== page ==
Construction Experience and a Place for My Tiny House

So you want to build a Tiny House… Great! Wonderful! Awesome!!! Until you get to the actually building part… I don’t know how to do that. Do you? I mean, I get the idea, but when it comes to reading building plans and using a nail gun and a table saw… um no. Not in my experience. Then, how do you get experience or even some level of comfort?

The first idea I had was classes. This is probably a great option, but they cost money, which I don’t have a lot of these days. There are some that are free, like the ones that they offer at Lowe’s. Most of them are about finishing touches like tile and flooring. What about the actual structure? There are several tiny house companies that offer workshops, but again, they cost money. Like $400 for 2 days. I’m sure that they are provide a lot of good information and that they are worth it, but I just can’t afford that at this point.

The next idea I had was working in construction. But that would require me to give up my current day job, which I love. I can’t trade race cars for… well.. anything. So that’s not an option either.

Today I found an awesome website with all kinds of information on it: http://www.tinyhousecommunity.com/

There was a listing on there looking for volunteers. I don’t know why this wasn’t my first thought. I swear I have gotten more jobs by volunteering than any other way. So, I reached out to them and set up a time to help them out. Of course, their first question was “Do you have experience?” But thankfully they followed with “It ok if you don’t. No worries!” So I am going to get some experience. I haven’t really met anyone who owns a tiny house, so I’m pretty excited about that as well.

The other cool thing about the website is that they have listings for land and for people who want to rent their land to people with tiny houses! This was one of my MAJOR concerns. I have no place to build and/or park my house. I had no idea where to even start looking. This is a huge resource. I have reached out to a few of the listings and am waiting to hear back.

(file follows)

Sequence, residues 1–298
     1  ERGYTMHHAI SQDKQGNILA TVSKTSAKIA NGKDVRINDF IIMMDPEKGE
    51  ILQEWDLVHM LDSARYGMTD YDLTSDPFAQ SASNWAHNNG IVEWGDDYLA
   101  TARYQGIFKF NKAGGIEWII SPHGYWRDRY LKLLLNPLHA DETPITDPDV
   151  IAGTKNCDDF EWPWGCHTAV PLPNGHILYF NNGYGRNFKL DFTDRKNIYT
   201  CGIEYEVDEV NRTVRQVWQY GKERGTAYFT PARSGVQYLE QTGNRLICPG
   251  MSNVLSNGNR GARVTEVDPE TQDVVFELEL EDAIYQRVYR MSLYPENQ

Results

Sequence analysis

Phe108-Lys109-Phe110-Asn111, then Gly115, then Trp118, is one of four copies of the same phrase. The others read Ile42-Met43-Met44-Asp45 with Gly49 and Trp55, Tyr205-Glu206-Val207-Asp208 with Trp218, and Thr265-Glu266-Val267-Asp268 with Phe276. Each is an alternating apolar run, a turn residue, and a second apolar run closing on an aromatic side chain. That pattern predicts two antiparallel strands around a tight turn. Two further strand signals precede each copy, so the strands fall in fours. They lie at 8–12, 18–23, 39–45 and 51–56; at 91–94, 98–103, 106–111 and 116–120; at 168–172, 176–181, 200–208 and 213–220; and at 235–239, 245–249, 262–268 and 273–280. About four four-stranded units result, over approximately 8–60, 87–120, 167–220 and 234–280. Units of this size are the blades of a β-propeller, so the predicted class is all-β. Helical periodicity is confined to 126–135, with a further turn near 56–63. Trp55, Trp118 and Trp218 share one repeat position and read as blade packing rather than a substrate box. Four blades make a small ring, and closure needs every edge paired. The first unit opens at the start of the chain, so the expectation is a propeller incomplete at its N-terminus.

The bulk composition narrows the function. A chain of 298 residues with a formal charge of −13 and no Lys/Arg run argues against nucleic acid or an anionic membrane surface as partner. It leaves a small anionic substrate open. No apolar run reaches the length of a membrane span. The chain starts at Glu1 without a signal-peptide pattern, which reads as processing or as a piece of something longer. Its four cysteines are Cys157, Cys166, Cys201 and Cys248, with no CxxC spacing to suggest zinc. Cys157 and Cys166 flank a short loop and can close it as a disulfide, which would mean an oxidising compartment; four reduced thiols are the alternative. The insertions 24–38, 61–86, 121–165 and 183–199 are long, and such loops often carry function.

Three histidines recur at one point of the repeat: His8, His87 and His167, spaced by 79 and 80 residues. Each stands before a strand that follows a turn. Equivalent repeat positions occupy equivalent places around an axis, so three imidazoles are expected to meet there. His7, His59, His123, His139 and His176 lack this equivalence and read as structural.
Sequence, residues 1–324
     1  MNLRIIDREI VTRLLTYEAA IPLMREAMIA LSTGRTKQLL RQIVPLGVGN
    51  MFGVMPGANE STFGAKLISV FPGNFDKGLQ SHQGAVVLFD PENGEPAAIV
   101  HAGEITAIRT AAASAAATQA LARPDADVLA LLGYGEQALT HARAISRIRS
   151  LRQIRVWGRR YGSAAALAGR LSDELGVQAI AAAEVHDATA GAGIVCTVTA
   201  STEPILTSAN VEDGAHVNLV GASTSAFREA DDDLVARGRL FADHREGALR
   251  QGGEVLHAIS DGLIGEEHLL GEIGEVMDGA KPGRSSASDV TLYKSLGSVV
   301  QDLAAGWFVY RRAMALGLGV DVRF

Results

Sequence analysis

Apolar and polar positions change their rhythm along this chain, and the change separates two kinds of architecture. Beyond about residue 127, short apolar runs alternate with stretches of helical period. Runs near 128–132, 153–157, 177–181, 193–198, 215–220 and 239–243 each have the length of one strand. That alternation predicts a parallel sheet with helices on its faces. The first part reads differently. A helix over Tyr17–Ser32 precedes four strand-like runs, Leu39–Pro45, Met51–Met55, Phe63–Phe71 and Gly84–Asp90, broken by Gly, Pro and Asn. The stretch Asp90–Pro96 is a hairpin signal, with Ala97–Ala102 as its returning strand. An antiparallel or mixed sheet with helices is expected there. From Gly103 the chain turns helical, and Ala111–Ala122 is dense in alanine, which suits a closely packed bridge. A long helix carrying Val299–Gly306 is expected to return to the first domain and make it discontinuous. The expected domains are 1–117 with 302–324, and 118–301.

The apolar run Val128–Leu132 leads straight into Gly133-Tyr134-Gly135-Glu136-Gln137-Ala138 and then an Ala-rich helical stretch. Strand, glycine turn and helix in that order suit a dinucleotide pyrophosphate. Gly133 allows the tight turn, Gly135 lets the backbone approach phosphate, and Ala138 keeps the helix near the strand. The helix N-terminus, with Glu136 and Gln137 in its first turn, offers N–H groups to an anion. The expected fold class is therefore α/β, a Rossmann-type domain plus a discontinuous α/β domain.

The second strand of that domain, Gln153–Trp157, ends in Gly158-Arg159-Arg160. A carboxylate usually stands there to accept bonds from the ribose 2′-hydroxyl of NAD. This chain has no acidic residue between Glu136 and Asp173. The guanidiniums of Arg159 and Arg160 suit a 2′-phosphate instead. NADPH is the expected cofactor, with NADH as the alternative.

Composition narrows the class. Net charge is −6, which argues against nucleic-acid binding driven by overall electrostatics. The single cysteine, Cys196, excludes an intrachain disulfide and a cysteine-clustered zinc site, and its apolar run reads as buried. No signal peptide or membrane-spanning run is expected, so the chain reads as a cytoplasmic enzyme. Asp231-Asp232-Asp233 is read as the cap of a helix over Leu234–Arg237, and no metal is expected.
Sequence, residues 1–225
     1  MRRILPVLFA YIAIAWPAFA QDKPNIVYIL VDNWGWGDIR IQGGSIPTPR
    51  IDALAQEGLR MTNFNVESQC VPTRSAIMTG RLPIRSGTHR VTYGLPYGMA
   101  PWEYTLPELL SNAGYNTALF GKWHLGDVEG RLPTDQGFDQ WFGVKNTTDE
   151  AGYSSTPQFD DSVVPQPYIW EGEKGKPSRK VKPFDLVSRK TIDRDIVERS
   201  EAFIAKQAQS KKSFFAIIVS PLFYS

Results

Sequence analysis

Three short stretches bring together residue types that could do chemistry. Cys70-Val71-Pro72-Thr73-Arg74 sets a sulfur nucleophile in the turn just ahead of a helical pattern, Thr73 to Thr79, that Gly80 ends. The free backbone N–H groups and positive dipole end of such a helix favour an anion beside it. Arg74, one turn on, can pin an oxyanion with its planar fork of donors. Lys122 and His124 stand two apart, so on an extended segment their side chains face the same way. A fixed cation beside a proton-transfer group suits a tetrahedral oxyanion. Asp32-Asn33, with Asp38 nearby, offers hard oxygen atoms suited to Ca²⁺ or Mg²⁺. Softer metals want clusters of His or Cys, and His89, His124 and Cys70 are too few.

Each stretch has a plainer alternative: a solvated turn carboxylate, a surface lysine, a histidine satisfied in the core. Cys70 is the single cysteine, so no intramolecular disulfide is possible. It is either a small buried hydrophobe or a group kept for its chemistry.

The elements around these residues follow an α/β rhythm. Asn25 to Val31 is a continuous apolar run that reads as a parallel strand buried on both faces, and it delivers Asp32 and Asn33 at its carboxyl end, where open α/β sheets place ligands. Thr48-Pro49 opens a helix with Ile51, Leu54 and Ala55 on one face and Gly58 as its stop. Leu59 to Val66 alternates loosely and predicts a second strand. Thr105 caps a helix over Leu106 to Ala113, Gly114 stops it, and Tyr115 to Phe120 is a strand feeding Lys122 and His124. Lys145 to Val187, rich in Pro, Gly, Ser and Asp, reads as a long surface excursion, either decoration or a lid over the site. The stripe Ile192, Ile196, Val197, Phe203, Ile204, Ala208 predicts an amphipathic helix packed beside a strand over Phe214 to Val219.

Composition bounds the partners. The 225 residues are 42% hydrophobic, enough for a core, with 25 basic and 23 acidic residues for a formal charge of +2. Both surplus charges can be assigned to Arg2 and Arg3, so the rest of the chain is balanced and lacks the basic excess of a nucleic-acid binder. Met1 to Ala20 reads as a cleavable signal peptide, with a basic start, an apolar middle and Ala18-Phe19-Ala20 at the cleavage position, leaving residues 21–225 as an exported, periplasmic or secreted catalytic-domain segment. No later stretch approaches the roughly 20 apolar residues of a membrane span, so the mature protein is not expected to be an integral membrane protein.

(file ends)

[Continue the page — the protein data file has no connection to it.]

You’re Never Going to Be Fully Ready

I read this great article today by a lady named 

It’s about waiting for things to be perfect to get started on something. Basically, she was teaching someone how to paddle board and the girl said, I can’t paddle until I feel stable standing up. But the thing is, you have to paddle in order to feel stable.

Of course I wouldn’t know this because I don’t paddle board. But it makes sense to me. In racing (where I work and live and love) we have a saying, if you’re not going forward you’re going backwards.

Some of my favorite quotes from the article:

“Because it’s the paddling that keeps you on the board. It’s the forward motion that gives you the stability you need. Sometimes we just have to pick a direction and start pulling that paddle through the water, and along the way we’ll get the stability and confidence we’re looking for. But you’ll never find it at the beginning, standing there, waiting for the waves to stop shaking the board. The waves never stop shaking the board.”

“You’ll never feel totally ready. The plan will never be perfectly formed. You’ll never have the money you think you need or the support you wish you had. You’ll never feel as strong and prepared as everyone else seems. (Psst: they’re not that strong and prepared, either. No one is.)”

“No one has every last thing they need. But the people who change their lives, the people who make beautiful things, the people who make a difference in our world—they are the people who paddle, who are willing to do it badly, who give up perfect in favor of good.”

I’m always worried about making a mistake, about doing something badly. I think that if something is worth doing, it should be done well. But you don’t know how to do it until you do it! It may have to be badly for a while before it is right. You won’t learn if you don’t try.

In this process, especially where I am with no money or land or help or experience, you have to just keep moving forward. And when it seems like too much and too overwhelming, which it will, it’s life, you just have to take a step back and figure out what to do next.

For me, this step is finishing my presentation to send to the trailer companies. I am going to find a few companies to ask about a sponsorship and/or discount. I have found one trailer that is about $4k that I think will work. If, perhaps, it could be more like $2k that would be way better. I’m still $2k short, but working on a plan for that as well.

With my job, I work A LOT. I travel practically every weekend too. So having a second job is an option, but it may be rough. I would probably only have to work for about 4 to 6 months to be there. That’s not a lot in the grand scheme of things. The more difficult thing will be saving that money for that particular purpose. I am not known for having that much self control when it comes to money.